The Serbian president refuses to openly condemn the Russian invasion of Ukraine, and has not joined Western sanctions against Moscow.
Serbian President Aleksandar Vucic has announced that he has secured a “very favorable” three-year natural gas supply agreement with Russia, amid efforts by the European Union to phase out Russian energy supplies.
“What I can say is that we have agreed on the main elements that are very favorable to Serbia,” the Serbian president said after concluding the deal during a telephone conversation with his Russian counterpart Vladimir Putin.
With the war in Ukraine raging, Serbia’s president announced that he had secured a “very favorable” three-year natural gas supply deal with Russia during a phone conversation with Russian President Vladimir Putin.
“What I can say is that we have agreed on key elements that are very favorable to Serbia,” Serbian President Aleksandar Vucic, a former pro-Russian ultra-nationalist, told reporters on Sunday.
“We agreed to sign a three-year contract, which is the first element of the contract that suits the Serbian side well,” he said.
Vucic claims he wants to bring Serbia into the European Union, but has spent recent years strengthening ties with Russia, a longtime ally. He also refused to explicitly condemn the Russian invasion of Ukraine and his country did not join the Western sanctions against Moscow.
Russia’s agreement with Serbia comes after Moscow cut off gas exports to European Union members Finland, Poland and Bulgaria.
The gas deal is likely to be signed during Russian Foreign Minister Sergei Lavrov’s visit to Belgrade in early June – a rare visit by a high-ranking Russian official to a European country since the invasion of Ukraine began in February.
Despite reports of atrocities in Ukraine due to the invasion, Vucic and other Serbian leaders are complaining about Western pressure to join sanctions against Russia.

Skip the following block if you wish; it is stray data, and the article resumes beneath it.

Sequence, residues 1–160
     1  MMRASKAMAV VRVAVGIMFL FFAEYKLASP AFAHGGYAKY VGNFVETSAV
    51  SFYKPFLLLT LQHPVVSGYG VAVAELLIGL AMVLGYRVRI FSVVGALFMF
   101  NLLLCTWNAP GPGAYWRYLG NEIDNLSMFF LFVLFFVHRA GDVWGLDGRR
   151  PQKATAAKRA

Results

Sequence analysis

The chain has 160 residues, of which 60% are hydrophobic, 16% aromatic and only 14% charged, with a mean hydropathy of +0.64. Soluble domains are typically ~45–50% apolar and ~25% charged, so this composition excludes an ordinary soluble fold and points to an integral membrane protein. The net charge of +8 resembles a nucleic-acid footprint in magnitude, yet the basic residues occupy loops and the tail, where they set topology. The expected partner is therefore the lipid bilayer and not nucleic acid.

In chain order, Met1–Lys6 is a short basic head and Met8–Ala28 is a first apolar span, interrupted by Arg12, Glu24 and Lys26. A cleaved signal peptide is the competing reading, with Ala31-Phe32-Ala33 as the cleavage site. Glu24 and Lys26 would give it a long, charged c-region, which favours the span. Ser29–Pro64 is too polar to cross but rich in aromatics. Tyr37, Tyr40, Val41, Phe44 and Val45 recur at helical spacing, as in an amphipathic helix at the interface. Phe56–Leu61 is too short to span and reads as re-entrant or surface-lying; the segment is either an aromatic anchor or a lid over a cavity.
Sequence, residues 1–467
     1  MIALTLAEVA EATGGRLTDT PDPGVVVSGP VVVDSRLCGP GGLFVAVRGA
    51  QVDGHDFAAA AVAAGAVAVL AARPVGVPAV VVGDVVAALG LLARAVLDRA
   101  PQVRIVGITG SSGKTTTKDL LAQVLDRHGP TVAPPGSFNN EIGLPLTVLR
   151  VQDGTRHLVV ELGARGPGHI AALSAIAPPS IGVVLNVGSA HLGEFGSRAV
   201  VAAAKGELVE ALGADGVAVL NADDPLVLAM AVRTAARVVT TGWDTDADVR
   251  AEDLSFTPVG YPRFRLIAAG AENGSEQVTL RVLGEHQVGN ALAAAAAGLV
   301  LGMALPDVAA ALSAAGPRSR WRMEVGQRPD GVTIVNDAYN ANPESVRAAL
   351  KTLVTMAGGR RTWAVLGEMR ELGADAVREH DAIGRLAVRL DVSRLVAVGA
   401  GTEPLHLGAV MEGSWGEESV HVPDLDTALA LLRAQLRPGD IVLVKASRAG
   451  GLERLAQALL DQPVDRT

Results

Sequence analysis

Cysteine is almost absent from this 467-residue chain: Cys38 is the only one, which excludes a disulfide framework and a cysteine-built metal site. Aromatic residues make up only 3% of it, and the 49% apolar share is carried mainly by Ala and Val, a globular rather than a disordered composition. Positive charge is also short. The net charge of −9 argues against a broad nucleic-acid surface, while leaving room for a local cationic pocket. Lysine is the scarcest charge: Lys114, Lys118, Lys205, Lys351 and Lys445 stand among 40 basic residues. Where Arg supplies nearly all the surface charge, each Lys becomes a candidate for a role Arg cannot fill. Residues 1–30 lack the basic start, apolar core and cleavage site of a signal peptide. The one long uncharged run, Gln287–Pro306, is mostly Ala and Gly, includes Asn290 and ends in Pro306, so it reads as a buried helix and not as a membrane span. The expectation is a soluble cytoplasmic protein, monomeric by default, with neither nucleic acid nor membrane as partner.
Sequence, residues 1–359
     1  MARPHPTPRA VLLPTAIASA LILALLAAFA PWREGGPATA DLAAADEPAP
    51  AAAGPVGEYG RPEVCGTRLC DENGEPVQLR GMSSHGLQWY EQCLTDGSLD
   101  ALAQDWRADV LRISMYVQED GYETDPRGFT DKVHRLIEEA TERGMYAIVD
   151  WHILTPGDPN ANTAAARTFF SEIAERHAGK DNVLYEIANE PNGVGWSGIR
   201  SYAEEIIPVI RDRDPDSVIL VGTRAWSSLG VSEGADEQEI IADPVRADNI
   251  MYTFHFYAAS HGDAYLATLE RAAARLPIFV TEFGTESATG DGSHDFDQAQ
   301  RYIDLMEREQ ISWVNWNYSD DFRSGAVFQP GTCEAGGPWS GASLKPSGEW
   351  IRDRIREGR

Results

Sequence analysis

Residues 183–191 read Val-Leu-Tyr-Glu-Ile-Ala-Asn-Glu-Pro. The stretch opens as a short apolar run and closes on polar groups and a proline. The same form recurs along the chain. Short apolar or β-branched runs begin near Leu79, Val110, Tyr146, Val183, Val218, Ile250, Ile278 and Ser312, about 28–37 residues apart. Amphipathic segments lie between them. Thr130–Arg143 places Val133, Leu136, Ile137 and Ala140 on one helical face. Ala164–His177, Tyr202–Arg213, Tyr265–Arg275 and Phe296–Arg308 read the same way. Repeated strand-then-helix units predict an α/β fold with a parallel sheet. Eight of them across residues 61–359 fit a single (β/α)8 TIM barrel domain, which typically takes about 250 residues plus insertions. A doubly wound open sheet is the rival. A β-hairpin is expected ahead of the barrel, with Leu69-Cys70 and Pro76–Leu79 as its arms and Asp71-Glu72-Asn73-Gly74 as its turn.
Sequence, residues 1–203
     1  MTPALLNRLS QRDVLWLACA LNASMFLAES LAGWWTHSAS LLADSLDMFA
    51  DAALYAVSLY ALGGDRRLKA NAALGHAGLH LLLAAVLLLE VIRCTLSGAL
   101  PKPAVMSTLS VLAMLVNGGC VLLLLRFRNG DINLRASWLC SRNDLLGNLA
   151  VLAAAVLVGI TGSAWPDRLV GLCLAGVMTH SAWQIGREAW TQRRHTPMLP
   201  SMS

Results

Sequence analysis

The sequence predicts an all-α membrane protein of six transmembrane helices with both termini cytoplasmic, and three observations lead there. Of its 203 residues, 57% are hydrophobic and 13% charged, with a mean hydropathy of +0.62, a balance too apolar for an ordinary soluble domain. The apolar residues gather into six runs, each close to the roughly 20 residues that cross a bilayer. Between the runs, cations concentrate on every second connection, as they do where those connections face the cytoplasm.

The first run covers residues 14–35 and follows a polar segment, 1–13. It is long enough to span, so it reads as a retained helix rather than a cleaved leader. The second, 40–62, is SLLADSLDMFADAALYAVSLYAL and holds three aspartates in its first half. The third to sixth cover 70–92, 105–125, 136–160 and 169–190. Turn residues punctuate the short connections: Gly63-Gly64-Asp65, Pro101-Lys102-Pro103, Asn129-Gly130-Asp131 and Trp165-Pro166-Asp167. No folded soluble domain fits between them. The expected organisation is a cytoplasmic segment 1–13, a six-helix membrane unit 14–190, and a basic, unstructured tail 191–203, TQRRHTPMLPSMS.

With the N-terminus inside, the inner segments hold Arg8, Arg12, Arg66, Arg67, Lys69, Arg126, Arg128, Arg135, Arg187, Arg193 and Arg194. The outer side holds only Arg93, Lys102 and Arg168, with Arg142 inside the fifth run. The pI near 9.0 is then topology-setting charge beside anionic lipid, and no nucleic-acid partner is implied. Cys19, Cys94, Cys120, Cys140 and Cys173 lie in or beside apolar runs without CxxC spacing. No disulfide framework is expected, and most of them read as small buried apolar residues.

Serbian officials say the Balkan country should resist such pressure, even if it means abandoning the goal of joining the European Union.
Vucic’s autocratic rule for 10 years
Under Vucic’s 10-year authoritarian rule and relentless pro-Kremlin propaganda, Serbia gradually slipped toward an alliance with Russia.
Opinion polls indicate that a majority in the country would prefer joining some kind of union with Moscow rather than the European Union.
“The agreement reached by President Vucic with President Putin is evidence of respect for Serbia’s decision not to engage in anti-Russian hysteria,” Interior Minister Aleksandar Vulin said.
“Free leader, free people, they make good decisions for Serbia and do not accept orders from the West,” said Vulin, known for his pro-Russian stance.
The European Union as a whole has hastily reduced its dependence on Russian energy since the invasion, and is set to discuss ways to do so further and hear from Ukrainian President Volodymyr Zelensky during a leaders’ summit that begins on Monday.
It is not clear how Serbia will receive Russian gas if the European Union decides to cut off Russian supplies that pass through its member states.
Serbia is almost entirely dependent on Russian gas, and its main energy companies are majority Russian.
In 2008, Serbia put the gas and oil sectors into the hands of Russian companies. Gazprom Neft and Gazprom together hold a majority stake in the country’s only oil company, while Gazprom is the largest shareholder in the country’s only gas storage facility.
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